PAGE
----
The use of appropriate disclaimers in a lawyer’s or a law firm’s social media profile or in connection with specific posts may help avoid inadvertently creating attorney-client relationships, so long as the lawyer’s or law firm’s online conduct is consistent with the disclaimer.
9. Beware of potential unauthorized practice violations. A public social media post knows no geographic boundaries. If legal professionals elect to interact with nonlawyer social media users, then they must be mindful that their activities may be subject not only to the ethics rules of the jurisdictions in which they are licensed, but also potentially the ethics rules in any jurisdiction where the recipient of any communication is located. Under RPC 5.5 and similar state ethics rules, lawyers are not permitted to practice law in jurisdictions where they are not admitted to practice. Moreover, under RPC 8.5 and analogous state rules, a lawyer may be disciplined in any jurisdiction where he or she is admitted to practice or in any jurisdiction where he or she provides or offers to provide legal services. It is prudent for lawyers to avoid online activities that could be construed as the unauthorized practice of law in any jurisdiction where the lawyer is not admitted to practice.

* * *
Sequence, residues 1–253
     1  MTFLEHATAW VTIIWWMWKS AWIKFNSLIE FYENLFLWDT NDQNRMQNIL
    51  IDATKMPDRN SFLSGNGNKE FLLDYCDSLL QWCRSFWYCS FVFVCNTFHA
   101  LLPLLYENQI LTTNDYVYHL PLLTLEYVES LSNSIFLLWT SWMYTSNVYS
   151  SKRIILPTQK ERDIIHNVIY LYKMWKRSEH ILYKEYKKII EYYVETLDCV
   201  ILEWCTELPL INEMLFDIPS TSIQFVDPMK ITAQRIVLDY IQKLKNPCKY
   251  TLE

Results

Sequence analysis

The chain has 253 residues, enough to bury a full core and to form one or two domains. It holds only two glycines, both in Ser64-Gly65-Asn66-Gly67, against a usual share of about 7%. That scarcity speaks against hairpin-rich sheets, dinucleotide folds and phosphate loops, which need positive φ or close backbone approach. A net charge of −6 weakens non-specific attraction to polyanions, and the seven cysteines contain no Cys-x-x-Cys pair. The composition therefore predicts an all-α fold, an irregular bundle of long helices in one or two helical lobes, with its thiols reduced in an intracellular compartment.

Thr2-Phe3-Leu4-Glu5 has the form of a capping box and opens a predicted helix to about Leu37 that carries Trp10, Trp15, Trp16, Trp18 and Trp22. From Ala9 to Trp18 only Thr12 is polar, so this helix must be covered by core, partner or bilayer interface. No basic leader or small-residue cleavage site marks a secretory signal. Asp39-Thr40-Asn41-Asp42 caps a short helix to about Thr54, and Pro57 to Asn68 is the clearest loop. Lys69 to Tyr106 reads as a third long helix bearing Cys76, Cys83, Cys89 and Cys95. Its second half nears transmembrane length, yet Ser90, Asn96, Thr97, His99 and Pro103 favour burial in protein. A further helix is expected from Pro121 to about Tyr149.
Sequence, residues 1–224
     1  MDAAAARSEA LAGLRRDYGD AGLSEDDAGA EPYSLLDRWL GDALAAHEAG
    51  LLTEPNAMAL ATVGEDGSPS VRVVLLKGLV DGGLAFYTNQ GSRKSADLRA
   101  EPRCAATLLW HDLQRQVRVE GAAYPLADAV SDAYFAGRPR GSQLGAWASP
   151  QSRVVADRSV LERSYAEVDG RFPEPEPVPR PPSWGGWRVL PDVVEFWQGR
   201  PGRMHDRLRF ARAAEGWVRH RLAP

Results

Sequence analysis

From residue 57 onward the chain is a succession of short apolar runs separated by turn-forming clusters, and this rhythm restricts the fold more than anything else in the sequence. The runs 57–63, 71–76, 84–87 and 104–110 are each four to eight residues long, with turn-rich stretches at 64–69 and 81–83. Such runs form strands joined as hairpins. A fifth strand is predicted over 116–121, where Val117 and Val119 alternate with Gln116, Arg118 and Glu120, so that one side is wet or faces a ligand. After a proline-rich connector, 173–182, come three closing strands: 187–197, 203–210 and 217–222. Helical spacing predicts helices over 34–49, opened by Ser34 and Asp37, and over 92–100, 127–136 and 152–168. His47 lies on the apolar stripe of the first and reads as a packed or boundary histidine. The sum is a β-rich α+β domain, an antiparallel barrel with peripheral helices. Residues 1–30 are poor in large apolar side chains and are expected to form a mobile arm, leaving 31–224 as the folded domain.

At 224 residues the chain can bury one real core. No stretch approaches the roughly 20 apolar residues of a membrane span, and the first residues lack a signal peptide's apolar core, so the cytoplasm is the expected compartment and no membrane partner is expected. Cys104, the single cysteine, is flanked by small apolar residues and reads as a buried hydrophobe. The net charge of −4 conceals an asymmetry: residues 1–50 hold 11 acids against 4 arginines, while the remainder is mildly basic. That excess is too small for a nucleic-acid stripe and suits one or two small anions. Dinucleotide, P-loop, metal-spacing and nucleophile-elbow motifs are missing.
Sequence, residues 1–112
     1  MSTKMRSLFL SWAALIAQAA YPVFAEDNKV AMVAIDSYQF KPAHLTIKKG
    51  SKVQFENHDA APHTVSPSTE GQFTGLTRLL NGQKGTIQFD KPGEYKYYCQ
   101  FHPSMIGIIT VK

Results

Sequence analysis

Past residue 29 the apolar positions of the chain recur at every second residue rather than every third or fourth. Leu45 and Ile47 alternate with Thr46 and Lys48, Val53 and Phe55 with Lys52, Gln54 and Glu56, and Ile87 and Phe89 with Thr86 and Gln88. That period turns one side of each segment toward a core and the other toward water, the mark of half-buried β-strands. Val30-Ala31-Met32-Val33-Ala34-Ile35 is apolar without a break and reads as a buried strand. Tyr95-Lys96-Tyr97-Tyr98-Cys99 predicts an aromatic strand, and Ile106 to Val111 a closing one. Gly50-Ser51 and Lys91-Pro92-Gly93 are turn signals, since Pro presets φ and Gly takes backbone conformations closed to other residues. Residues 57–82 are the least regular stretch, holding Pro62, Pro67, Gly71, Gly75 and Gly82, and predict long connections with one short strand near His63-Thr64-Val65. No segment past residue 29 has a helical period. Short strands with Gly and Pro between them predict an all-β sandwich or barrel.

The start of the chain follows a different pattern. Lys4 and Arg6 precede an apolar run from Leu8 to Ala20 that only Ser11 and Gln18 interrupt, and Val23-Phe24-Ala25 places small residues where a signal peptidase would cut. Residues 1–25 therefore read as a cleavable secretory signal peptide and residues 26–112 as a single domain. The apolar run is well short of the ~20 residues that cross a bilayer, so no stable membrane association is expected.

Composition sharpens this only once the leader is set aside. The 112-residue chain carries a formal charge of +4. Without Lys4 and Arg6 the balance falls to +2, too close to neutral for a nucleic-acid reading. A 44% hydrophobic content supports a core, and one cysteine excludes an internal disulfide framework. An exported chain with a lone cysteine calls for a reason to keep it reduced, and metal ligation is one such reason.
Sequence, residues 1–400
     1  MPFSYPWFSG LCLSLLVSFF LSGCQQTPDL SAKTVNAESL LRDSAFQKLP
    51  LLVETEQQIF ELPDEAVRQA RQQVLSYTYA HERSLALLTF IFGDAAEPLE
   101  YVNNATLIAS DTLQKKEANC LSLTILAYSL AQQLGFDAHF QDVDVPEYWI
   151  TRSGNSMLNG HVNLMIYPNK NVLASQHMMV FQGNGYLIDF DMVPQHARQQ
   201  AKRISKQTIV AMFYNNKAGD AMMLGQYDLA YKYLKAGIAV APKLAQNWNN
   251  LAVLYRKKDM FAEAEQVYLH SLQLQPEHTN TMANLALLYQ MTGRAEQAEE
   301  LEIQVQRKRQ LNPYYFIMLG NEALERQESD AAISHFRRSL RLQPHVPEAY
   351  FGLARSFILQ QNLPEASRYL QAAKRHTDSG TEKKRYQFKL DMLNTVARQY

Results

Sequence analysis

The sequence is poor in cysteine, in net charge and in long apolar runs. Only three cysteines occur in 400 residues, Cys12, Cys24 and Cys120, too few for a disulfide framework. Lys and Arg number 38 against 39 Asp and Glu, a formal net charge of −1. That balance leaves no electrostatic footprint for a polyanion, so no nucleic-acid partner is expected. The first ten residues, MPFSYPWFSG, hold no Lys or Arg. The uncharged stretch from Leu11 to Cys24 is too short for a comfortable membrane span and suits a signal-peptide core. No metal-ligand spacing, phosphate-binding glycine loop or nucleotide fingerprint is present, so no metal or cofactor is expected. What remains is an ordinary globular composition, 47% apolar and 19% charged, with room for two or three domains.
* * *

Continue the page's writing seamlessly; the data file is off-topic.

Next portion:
10. Tread cautiously with testimonials, endorsements, and ratings. Many social media platforms heavily promote the use of testimonials, endorsements, and ratings. These features are typically designed by social media companies with one-size-fits-all functionality and little or no attention given to variations in state ethics rules. Some jurisdictions prohibit or severely restrict lawyers’ use of testimonials and endorsements. They may also require testimonials and endorsements to be accompanied by specific disclaimers. Lawyers must pay careful attention to whether their use of any endorsement, testimonial, or rating features of a social networking site complies with the ethics rules that apply in the state(s) where they are licensed. If not, then the lawyer may have no choice but to remove that content from his or her profile.
ABA Business Law Section
This article is an abridged and edited version of one that originally appeared in the online magazine Business Law Today, January 2014.